Purpose Statement

Exploration -> Experience -> Feeling -> Awareness -> Understanding -> Transformation -> Liberation

Monday, February 24, 2014

My beloved Son

Tell me I am your most precious, most wonderful, most perfect, most beloved. Pick me up and hug and kiss me, big smoochy kisses all over my body. Watch me run and dance and spin, joyous to have your attention. Play with me, wrestle with me, converse with me, feed me and bathe me, hold me and protect me, keep me warm and safe. Make me believe that I am good, and worthy, and loved, and I shall live with such confidence and courage, I will mirror and magnify your love.

Composed with Bindi in my lap.

Monday, February 17, 2014


Metaphorically speaking, Heaven and Hell are here and now, our choice, and I suppose the same is true for Purgatory. Purgatory, from the same Latin root as our word purge, is described as a process of purification, but surely it was originally conceived as a process of purging, of letting go of baggage, of letting go of attachments.

All the great prophets and mystics teach of detachment, of non-attachment, but I think very few of us are able to do it by our conscious will alone. I think most of us need life to rip away our attachments for us. This is the process of Purgatory. And the way we choose to interpret our purge, the meaning we assign to our purge, is our choice of where we go next, to Heaven or to Hell. Shall I be bitter or grateful? Am I being robbed or liberated?

When we eat something bad, our bodies will violently purge the toxin, an unpleasant experience, but a healthy autonomic response. The bulimic has a sickness, to consciously purge healthy nutrition. The trick in Purgatory is to let life remove the toxic attachments, but not to purge what nurtures our health. I have just realized that differentiating between the two is not necessarily intuitive or obvious.

Sunday, February 16, 2014

Sandhill Cranes

Territorial disputes are inevitable. There are two birds, well actually three, in this photo. The phrase "hen-pecked" comes to mind.
But mostly the cranes just chill out and digest their breakfast.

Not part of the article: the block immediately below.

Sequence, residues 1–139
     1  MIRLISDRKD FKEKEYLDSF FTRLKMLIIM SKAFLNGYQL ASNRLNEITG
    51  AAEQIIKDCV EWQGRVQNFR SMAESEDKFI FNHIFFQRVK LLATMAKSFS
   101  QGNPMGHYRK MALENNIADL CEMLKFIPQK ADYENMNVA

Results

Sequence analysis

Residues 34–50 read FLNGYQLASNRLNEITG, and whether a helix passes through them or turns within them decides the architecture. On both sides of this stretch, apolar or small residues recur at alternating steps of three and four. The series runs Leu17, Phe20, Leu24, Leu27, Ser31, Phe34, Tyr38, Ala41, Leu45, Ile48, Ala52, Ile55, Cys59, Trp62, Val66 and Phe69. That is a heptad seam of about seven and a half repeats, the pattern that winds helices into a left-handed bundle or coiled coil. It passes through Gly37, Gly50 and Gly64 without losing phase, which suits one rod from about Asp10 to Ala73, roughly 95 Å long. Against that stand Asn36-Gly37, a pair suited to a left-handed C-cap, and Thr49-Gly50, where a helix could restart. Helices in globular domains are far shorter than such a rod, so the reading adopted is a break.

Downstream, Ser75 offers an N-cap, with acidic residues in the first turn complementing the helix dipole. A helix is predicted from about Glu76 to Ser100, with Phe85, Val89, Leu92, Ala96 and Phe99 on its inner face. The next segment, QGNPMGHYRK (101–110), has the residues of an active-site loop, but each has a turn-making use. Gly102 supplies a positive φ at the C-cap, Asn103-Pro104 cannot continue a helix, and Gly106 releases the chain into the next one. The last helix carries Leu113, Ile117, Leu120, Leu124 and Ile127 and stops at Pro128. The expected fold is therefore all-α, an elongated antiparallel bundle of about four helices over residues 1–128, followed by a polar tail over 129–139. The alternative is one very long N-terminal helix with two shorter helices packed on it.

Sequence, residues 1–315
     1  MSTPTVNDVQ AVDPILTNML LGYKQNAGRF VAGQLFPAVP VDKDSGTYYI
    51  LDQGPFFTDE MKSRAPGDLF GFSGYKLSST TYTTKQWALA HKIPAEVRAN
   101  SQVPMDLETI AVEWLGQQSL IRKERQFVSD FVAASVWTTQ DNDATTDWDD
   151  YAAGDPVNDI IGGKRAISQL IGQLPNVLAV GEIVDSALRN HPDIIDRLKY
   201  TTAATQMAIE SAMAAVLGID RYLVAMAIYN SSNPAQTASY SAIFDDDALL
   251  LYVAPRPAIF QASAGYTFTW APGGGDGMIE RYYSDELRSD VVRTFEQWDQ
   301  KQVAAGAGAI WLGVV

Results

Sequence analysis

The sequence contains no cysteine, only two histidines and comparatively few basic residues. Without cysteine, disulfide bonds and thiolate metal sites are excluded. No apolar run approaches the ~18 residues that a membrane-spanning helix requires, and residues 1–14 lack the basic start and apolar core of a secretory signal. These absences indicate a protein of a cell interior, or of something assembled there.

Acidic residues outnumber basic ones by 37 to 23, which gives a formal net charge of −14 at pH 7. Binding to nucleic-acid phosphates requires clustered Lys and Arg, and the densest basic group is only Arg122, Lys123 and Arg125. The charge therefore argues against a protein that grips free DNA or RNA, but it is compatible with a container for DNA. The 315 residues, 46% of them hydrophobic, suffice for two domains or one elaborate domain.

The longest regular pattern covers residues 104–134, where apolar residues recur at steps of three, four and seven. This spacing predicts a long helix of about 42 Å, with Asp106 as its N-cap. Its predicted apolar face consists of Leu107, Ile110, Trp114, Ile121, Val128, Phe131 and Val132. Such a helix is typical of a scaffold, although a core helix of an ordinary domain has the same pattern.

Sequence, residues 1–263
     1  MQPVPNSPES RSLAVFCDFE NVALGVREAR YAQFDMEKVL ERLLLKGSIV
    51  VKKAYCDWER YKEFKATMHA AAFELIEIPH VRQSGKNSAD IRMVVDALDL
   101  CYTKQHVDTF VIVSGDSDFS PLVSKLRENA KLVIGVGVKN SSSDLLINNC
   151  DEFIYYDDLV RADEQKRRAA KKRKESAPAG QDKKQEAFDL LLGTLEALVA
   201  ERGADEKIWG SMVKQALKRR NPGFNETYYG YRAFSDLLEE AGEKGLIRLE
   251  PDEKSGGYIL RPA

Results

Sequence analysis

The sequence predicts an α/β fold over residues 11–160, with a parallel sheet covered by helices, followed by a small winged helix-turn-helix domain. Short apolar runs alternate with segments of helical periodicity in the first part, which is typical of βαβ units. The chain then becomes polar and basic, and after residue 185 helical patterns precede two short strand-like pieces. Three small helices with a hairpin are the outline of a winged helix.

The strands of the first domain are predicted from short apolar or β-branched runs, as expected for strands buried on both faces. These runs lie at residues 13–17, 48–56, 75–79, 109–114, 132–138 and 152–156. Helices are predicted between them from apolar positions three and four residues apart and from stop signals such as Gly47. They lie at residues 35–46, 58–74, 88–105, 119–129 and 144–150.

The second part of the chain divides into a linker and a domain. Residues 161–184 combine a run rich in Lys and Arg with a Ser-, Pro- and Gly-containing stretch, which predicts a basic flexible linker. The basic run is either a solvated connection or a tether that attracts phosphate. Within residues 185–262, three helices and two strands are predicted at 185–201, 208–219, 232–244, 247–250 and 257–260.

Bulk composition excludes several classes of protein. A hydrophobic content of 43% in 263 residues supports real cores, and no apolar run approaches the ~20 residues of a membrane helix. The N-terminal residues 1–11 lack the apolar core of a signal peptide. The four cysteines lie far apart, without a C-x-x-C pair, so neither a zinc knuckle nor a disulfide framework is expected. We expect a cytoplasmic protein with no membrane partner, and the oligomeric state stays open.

They must have some kind of flock-sense, because they often slip into what looks like choreographed movements, synchronized strutting and head turning.

Friday, February 14, 2014

20,000 Birds

What do 20,000 Sandhill Cranes, all facing west (into the wind) look like?
Parking is going to be a nightmare.
It takes a certain amount of aggression to live in a large community.
And excellent parking skills.
This is what we pilots call the flare, the sudden conversion of horizontal kinetic energy into vertical lift.
Can you imagine? The scene from Midnight Cowboy comes to mind: I'm landing here! I'm landing here! Up yours you sonofabitch! You don't squawk at me that way!

Thursday, February 13, 2014

Sandhill Cranes in Flight

As a hang glider pilot, I have a special appreciation for the flying skills of birds. Sandhill Cranes are very elegant flyers and their bodies are beautifully aerodynamic. Notice how delicate and independent the five feathers are at the end of their wings.

Whitewater Draw near Elfrida, Arizona. Nikon 600mm @ f4, circular polarizer, Nikon D80 I think @ approximately 1/1000 sec and ISO 400.

Wednesday, February 12, 2014

White Egret

This fellow seems to be at Whitewater Draw every year. I spent an hour photographing him fishing for his breakfast and was lucky to catch him with a minnow in his beak.
He was quite a ways away and I was shooting with my 600mm, but if I zoom in, I can actually make out the minnow's eye.
His fishing is deliberate and methodical, his movements are slow like Tai Chi. He is very patient. 
Do you suppose he admires his reflection?

Sunday, February 09, 2014

Lieutenant Worf

Saturday night, the dogs and I camped at Whitewater Draw, famous for the Sandhill Cranes, true snow birds, that winter there. It was quite cold at night - the dog's water bowl froze solid - so the dogs and I snuggled under the sleeping bag and listened to the chatter of 20k Sandhill Cranes slowly diminish. In the middle of the night, a predator must have attacked the cranes, because there was suddenly a tremendous ruckus and the sound of flapping wings, a mass takeoff. In the wee hours of the morning, joining the chatter of the cranes was the distinct hoo-ing of several great horned owls.

Sunday morning, this fellow was perched in the rafters of an old hay shed right next to the campground. I named him Lieutenant Worf since his scowl reminded me of the Star Trek character.

Nikon 600mm @ f4, Nikon D80 @1/125 sec. and ISO 400, tripod with Wimberly head.

 Impossible eyes.
The talons of a carnivore.